• Cannot boot into Antergos

    I am a complete newbie to Arch/Antergos, but I’ve played with Ubuntu for a year. I would try my best to make myself clear. Please bear such a rookie.

    I installed the system using a live USB. While installing I could use neither my keyboard nor track pad (yeah I’m using laptop). So I installed with a mouth and screen keyboard.

    After a successful installation I had the same experience as wintermadness did in this thread.
    After the bootloader I get a black screen.

    After some searching I put in this in the text mode.
    Now I can log in, but now none of the keyboard, track pad or usb ports works, which means I cannot input any command after booting in.
    But under the LTS kernel the above devices work just fine.

    I have a rather new device, with the settings being: Intel 100 series/C230 chipset, i7-6700HQ, Intel 530 & NVidia GTX 970m graphics.
    The system was installed on an PCI-E solid state drive solely, with no other os on the same drive.

    Does anyone have any idea about what’s going on? I really want to get my hands on the new system.

  • kernel does not play nice with your keyboard? Not too sure the reason for that.

    Question: Was your system recently release to market?

    If it was just recently released to market, then I would surmise based on it potentially being so, that the newest kernel that Antergos wanted to install on your system on install, does not yet recognize your new system configs of your keyboard. Because, well, it’s just too new to be YET recognized by the kernel’s devs.

    However, if you have LTS kernel, you are probably better off then. It is the better of the kernel lines, in my own opinion. And will allow pretty much all things on your system to function quite happily.
    Just because the newest kernel is out does not mean that everything has to be run on that newest kernel.
    I would stick with the LTS.

    Have you checked the Arch Wiki on keyboard? I would strongly encourage you to bookmark the Wiki. I could not stress that enough. Extremely helpful print there.

    Question: With the LTS kernel, are you able to login after the Greeter comes up and then onto the DE with the new system?

  • @Modisc

    Thank you for trying to help.

    Yes sir. it is a system launched 4 months ago. I have checked the Arch wiki for keyboard but didn’t find much info helpful. Correct me if I’m wrong, because not only the keyboard but the track pad and all ports on my laptop are not working. I’d suspect it’s the kernel not recognizing the chip set rather than only the keyboard? If you need more info regarding the system, I can try to translate as much as possible since it’s launched in China and not much detailed info can be found online.

    Regarding the second question: yes sir, with the LTS kernel I can login onto the DE and open software. Maybe it’s because the graphics drivers are not installed the coloring is not that smooth.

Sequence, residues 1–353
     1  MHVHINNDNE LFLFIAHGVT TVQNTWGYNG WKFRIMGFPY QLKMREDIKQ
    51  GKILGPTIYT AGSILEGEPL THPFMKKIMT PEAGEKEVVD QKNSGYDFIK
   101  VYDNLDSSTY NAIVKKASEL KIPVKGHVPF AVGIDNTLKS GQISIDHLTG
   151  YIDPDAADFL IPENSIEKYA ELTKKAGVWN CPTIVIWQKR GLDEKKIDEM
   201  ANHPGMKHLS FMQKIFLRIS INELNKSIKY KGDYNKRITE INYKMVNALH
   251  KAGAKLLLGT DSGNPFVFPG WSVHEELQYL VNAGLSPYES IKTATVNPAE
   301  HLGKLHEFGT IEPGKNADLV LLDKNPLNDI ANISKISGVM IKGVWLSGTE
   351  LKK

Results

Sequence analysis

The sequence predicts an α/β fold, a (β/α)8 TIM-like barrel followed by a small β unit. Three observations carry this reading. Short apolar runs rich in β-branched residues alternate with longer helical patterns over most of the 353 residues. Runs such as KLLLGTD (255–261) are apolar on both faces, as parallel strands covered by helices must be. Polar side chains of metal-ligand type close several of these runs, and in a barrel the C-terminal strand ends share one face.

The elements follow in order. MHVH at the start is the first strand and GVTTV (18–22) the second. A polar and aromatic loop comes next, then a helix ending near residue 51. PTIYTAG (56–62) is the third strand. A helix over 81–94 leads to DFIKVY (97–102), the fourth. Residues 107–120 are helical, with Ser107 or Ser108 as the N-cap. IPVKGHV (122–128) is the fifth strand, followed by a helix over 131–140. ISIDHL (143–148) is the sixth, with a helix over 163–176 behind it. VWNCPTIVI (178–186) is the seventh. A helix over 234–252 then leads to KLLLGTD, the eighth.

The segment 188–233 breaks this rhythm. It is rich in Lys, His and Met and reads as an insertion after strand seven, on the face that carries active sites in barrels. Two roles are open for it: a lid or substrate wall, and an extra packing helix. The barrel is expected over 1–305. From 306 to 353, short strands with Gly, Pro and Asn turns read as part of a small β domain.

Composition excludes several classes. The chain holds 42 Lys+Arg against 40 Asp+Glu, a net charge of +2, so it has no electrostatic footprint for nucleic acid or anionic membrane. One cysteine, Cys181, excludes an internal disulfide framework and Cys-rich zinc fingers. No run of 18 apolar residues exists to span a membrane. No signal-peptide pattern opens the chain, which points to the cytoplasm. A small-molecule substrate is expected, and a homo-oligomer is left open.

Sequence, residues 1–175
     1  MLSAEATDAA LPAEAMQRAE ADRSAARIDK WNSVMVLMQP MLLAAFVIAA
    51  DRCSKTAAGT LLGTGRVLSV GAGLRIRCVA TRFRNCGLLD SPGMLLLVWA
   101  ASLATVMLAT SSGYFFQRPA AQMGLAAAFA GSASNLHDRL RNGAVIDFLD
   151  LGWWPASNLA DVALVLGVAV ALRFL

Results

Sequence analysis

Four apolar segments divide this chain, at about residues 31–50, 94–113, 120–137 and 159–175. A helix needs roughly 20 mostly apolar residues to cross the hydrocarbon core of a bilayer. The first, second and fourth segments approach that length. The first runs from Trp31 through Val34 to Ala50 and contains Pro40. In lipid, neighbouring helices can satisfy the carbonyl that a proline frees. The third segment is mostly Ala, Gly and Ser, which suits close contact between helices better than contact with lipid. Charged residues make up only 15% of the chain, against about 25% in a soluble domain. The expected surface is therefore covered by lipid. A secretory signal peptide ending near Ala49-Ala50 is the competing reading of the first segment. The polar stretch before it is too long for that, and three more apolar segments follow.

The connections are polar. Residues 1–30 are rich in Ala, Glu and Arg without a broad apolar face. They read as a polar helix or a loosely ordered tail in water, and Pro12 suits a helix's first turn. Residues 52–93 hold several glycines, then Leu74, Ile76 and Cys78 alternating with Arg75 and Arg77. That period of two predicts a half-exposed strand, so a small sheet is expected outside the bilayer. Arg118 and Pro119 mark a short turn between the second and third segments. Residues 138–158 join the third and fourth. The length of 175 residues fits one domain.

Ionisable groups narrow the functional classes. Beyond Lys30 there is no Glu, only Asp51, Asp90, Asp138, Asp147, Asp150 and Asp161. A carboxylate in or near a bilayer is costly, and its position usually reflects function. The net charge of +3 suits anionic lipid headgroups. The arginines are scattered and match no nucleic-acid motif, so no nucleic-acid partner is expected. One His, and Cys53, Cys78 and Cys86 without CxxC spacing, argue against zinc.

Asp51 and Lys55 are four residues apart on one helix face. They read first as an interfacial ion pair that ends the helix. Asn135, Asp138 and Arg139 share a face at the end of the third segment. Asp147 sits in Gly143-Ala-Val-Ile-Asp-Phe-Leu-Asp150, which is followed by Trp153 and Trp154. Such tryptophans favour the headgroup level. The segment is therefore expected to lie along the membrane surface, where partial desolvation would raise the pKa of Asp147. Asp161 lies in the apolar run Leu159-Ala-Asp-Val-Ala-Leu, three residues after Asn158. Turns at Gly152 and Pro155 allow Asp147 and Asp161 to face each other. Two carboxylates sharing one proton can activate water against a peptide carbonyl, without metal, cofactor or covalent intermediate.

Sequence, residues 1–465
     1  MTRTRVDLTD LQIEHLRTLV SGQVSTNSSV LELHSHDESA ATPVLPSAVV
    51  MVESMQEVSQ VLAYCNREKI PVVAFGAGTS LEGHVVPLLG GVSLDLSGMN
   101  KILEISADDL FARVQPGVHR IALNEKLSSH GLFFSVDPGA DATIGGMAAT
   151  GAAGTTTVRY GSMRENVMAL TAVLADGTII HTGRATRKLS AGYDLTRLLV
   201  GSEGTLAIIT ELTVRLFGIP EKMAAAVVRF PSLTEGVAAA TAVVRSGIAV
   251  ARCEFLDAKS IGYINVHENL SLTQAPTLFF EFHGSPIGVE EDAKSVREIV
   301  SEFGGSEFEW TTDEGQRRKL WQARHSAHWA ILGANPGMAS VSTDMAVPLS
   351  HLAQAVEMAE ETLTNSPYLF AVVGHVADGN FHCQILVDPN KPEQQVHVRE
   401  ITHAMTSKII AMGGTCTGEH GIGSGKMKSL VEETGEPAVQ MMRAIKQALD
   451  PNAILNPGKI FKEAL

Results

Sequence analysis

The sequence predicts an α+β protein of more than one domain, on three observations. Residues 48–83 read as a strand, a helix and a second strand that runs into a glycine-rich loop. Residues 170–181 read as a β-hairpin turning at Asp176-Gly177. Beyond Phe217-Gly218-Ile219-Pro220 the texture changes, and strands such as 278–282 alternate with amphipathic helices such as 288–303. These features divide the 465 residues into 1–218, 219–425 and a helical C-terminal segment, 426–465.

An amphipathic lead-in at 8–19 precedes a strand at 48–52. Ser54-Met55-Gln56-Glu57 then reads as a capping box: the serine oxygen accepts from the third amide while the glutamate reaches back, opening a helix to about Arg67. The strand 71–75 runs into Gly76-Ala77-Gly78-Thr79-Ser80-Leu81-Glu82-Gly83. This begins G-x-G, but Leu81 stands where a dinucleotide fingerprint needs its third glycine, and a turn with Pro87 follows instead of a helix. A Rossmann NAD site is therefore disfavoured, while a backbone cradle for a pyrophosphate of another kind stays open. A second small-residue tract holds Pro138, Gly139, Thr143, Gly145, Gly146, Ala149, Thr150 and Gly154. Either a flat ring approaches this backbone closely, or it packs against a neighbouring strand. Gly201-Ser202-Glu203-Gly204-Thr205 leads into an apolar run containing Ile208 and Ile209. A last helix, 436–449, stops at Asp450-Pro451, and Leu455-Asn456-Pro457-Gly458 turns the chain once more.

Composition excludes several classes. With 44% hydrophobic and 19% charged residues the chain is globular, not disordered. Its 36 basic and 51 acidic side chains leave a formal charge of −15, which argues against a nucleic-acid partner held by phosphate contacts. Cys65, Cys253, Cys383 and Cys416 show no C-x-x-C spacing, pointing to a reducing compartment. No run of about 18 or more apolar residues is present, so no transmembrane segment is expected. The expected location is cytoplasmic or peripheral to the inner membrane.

• The kernel not recognizing the chipset rather than only the keyboard? That could be. Or perhaps the kernel needs a patch from it’s developers to bring it up to speed with some of the newer hardware currently being released.

    I do not think it takes all that long as Linus Torvalds and his dev team take that long to develop a kernel to match the newer hardwares being released. Just give it a bit of time, I would think. **Read further on below for more information on this statement. **

    Just curious but what specific kernel version was initially installed through the Arch repos that does not allow you to properly do your work on the laptop? uname -mrs
    Sorry, I don’t know current kernel version as I also utilize the LTS, so I do not really keep up-to-date with that myself.

    You mention that your laptop was released quite recently. Is it this one ? http://tieba.baidu.com/p/4157744237
    It is in Chinese but using your specs, it is the closest I could Google for.

    As I briefly expressed earlier, you are probably much better off using the LTS kernel.
    I switched some time ago and from personal experience, I have not yet experienced any problems.

    That being said, the kernels themselves as well as the content from the Arch repos are fairly stable so I would not really expect too many problems so long as you intend to maintain it’s stability and not mess with it too much.

    All in all, you still made a wise choice in using a distribution based on Arch.
    By the way, if you want to find out about your keyboard man setxkbmap So for example, setxkbmap -query and look under “model”

    Question: You mentioned that you were able to navigate with the keyboard while in Grub menu but once logged in, you were not able to utilize trackpad nor the keyboard. Correct?
    If so, have a look at this kernel commit. kernel commit

    It mentions promising support for keyboard and trackpad for the Macbook Pro. It is just an example but it provides insight into the possibility that your keyboard may just not have current support for it. Do you see what I mean when re: support currently not available?

    EDIT: But then again, if the LTS kernel supports trackpad and keypad, then it would reason that any subsequent kernels would have backwards compatible support.

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